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    That Bentley has managed to produce a car so vastly improved over its Continental R forebear in every aesthetic and functional sense, at a price ($149,990) that undercuts that car's by more than half, is a testament to the value of a large corporate parent. The factory where it is built in Crewe, England, for example, has been thoroughly refurbished to the bright, shiny-floored look of an operating theater. Computers and robots are only used to marry the driveline to the body, apply adhesive to the windshield, and prepare parts and deliver them for assembly. Body shells arrive assembled and painted (except custom colors) from Mosel, Germany. BMW similarly ships completed bodies to Rolls-Royce's Goodwood factory.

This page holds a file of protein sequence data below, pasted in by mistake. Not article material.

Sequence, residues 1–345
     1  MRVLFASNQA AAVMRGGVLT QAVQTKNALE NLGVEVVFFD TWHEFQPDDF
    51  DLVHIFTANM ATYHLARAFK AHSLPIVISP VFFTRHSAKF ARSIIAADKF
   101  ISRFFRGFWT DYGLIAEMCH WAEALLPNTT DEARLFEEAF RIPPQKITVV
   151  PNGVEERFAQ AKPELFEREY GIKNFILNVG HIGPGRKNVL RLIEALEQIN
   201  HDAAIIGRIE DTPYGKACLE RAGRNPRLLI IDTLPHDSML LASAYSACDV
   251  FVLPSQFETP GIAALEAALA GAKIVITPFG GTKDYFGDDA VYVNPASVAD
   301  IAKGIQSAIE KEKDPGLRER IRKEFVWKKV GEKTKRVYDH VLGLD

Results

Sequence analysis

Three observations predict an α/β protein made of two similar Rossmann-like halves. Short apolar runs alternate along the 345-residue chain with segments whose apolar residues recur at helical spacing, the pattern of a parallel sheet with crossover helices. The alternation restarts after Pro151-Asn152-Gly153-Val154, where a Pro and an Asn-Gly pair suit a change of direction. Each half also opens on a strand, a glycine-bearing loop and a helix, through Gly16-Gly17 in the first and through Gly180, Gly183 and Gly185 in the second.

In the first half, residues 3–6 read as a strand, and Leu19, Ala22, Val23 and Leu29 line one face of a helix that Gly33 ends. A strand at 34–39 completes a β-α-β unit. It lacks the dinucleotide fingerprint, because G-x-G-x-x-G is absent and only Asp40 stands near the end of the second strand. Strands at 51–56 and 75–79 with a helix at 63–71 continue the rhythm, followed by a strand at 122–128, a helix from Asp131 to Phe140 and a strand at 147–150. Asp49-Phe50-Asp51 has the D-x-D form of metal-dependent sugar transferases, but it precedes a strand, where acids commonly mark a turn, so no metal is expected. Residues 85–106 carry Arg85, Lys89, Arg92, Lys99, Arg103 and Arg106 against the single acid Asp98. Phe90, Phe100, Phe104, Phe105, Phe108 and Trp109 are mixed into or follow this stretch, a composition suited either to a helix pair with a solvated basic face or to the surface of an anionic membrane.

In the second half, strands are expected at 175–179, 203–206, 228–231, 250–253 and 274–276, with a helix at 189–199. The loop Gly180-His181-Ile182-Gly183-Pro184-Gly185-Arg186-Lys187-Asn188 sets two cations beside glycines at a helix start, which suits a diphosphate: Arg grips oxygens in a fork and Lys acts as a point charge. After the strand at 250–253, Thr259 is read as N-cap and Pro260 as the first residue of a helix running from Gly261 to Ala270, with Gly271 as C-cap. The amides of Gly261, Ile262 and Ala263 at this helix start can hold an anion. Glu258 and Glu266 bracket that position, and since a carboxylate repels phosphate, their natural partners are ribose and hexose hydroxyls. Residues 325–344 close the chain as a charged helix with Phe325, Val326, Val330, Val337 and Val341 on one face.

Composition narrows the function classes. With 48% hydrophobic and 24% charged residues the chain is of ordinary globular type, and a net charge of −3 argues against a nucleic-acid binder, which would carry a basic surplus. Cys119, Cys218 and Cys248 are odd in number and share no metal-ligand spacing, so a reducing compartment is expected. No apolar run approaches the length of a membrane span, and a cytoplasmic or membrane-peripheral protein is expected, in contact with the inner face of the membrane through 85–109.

The new assembly system brings the total manufacturing time down to "just" 250 hours, about half what the predecessor required. By comparison, one VW Golf can be produced in about 18 hours—the number of man-hours it takes to complete a wood set for the Continental GT's interior.

    Bentley invited us to the smooth, undulating open roads of northern Scotland for our first drive. We climbed into the GT with three adults aboard for a brief familiarization ride on short, tight roads. Our first impressions were lukewarm. The 500-pound passenger load and the tall gearing needed to propel the Continental GT to its ungoverned 198-mph top speed smothered the power at launch.

    Furthermore, the engine note emanating from the completely separate dual exhaust pipes was unexpectedly guttural at the low revs we were running, sounding more like a baritone Viper V-10 than a tenor V-12